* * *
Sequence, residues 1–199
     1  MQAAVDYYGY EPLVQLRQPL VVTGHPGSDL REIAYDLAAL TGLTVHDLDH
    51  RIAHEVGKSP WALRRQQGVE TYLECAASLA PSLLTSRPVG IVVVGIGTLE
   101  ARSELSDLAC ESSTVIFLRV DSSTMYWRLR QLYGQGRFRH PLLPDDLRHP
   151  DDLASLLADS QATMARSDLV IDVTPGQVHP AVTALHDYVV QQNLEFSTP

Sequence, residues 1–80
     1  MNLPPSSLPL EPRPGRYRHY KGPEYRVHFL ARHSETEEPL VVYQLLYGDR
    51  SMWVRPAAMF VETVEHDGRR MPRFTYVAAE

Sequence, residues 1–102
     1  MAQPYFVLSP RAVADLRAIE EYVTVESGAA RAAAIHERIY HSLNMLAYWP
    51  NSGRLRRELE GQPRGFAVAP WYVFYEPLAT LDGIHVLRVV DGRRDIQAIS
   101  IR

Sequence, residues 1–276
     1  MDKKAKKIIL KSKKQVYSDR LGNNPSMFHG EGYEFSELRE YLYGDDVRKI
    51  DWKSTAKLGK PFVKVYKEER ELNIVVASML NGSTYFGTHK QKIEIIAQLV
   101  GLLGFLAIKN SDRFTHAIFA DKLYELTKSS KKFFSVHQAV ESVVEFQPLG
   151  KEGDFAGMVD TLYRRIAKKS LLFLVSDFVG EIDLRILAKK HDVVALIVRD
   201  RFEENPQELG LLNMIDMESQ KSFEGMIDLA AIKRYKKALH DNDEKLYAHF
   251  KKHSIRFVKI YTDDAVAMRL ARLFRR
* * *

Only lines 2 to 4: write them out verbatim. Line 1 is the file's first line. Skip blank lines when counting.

     1  MQAAVDYYGY EPLVQLRQPL VVTGHPGSDL REIAYDLAAL TGLTVHDLDH
    51  RIAHEVGKSP WALRRQQGVE TYLECAASLA PSLLTSRPVG IVVVGIGTLE
   101  ARSELSDLAC ESSTVIFLRV DSSTMYWRLR QLYGQGRFRH PLLPDDLRHP